Types of Uncertainty

Abstract

We distinguish three qualitatively different types of uncertainty—ethical, option and state space uncertainty—that are distinct from state uncertainty, the empirical uncertainty that is typically measured by a probability function on states of the world. Ethical uncertainty arises if the agent cannot assign precise utilities to consequences. Option uncertainty arises when the agent does not know what precise consequence an act has at every state. Finally, state space uncertainty exists when the agent is unsure how to construct an exhaustive state space. These types of uncertainty are characterised along three dimensions—nature, object and severity—and the relationship between them is examined. We conclude that these different forms of uncertainty cannot be reduced to empirical uncertainty about the state of the world without inducing an increase in its severity.

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Fig. 1

Notes

  1. 1.

    The program is available online at http://www.bbc.co.uk/programmes/b01hxmx1.

  2. 2.

    This is not of course to say that it is the only view being expressed. Inevitably such a broad characterisation of the state of thinking in a field will be a bit of a caricature and it is quite possible that nobody holds the default view in its completely unqualified form.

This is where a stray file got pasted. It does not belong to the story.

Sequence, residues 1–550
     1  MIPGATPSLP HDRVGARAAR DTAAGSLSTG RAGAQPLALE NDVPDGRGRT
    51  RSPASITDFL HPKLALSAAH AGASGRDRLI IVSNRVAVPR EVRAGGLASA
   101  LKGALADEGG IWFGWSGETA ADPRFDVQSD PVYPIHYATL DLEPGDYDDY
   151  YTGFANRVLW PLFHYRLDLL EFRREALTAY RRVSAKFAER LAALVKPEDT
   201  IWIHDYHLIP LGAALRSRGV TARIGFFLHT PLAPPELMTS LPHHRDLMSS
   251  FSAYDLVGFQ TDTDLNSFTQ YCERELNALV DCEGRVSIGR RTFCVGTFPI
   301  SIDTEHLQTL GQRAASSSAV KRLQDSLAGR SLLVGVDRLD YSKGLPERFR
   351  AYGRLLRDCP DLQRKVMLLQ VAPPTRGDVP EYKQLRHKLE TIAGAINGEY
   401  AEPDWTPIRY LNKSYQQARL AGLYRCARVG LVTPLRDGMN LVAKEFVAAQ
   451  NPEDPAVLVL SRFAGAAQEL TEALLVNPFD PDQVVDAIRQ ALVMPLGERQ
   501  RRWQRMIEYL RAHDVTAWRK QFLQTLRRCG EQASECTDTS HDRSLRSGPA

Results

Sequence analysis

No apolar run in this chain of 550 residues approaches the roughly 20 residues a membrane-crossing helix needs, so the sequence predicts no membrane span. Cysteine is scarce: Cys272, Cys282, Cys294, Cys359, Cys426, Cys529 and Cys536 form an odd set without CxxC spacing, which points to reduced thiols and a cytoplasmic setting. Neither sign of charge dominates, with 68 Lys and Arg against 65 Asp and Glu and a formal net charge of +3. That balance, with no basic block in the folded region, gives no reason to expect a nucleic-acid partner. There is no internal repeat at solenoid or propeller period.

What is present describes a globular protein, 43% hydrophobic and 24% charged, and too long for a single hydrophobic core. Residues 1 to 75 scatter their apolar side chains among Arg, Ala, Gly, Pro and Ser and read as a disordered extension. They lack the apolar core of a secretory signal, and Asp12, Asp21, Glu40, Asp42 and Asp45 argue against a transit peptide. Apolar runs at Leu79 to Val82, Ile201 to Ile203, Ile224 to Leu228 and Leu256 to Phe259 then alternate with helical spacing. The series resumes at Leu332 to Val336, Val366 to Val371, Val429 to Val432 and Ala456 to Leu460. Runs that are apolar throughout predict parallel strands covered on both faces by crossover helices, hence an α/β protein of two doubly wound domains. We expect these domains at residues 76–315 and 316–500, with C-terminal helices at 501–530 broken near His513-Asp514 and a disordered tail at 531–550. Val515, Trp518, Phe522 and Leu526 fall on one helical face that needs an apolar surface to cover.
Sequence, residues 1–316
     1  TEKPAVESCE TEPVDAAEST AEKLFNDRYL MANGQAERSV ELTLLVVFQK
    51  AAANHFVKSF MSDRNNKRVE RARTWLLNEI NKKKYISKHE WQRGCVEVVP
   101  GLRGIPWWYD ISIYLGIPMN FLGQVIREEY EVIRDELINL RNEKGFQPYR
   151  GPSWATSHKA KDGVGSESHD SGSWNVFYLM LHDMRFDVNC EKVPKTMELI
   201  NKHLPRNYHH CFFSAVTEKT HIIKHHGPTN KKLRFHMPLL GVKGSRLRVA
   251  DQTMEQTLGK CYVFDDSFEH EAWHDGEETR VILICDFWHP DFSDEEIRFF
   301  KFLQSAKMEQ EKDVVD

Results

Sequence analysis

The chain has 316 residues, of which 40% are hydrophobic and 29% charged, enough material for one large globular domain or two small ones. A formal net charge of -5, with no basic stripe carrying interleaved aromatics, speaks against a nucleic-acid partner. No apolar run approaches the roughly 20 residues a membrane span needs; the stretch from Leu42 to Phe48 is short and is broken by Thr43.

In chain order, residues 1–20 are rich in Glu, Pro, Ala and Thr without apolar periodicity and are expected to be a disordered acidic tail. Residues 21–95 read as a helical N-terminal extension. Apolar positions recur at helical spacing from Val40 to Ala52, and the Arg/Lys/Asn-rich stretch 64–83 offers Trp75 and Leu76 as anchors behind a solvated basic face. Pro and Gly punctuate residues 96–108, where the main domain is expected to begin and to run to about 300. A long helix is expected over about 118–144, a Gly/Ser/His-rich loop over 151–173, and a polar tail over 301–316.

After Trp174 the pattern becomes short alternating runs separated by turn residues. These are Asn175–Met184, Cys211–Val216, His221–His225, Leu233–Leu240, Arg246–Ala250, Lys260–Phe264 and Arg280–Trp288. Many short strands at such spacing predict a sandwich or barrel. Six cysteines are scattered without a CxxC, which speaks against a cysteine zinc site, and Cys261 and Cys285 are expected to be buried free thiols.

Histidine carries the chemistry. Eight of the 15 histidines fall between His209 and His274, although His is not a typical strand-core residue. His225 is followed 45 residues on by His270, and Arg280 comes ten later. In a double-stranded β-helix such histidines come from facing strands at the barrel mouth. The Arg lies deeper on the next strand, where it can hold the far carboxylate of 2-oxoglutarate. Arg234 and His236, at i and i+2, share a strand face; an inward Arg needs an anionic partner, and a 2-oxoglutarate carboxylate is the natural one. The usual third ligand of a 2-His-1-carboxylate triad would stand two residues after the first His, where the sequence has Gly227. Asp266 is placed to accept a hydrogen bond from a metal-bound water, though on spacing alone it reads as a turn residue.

3. 3.

    See Popper (1959) for an early statement of this argument.

  4. 4.

    Though, as Binmore (2009) emphasises, Savage only held that this applied in small-world decision making.

  5. 5.

    This epistemic reading of ambiguity aversion is not the only one to be found in the literature. See, for instance, Fox and Tversky (1995).

  6. 6.

    An argument of this kind has been made for the case of Knightian uncertainty by Bewley (1986).

  7. 7.

    See for instance Walley (1991), Joyce (2010), Bradley (2009) and Levi (1985).

  8. 8.

    The term ‘ethical’ is used here in the same way that it is used by Ramsey, to denote that which has to do with what matters to the agent. It is not meant to be read as having only to do with morality.

  9. 9.

    This is broadly the same conclusion as is reached by Broome (1991).

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Acknowledgements

We would like to acknowledge the support of the Arts and Humanities Research Council (Grant Reference: AH/I003118/1), The Netherlands Organisation for Scientific Research (Grant Number 236-20-005), and the Fonds National de la Recherche Luxembourg (Grant Number 09-194). We are grateful to Hykel Hosni and Casey Helgeson for their comments on an earlier draft.

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Correspondence to Mareile Drechsler.

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Bradley, R., Drechsler, M. Types of Uncertainty. Erkenn 79, 1225–1248 (2014). https://doi.org/10.1007/s10670-013-9518-4

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Keywords

  • Factual Uncertainty
  • Normative Uncertainty
  • Causal Decision Theorist
  • Evidential Decision Theory
  • Default View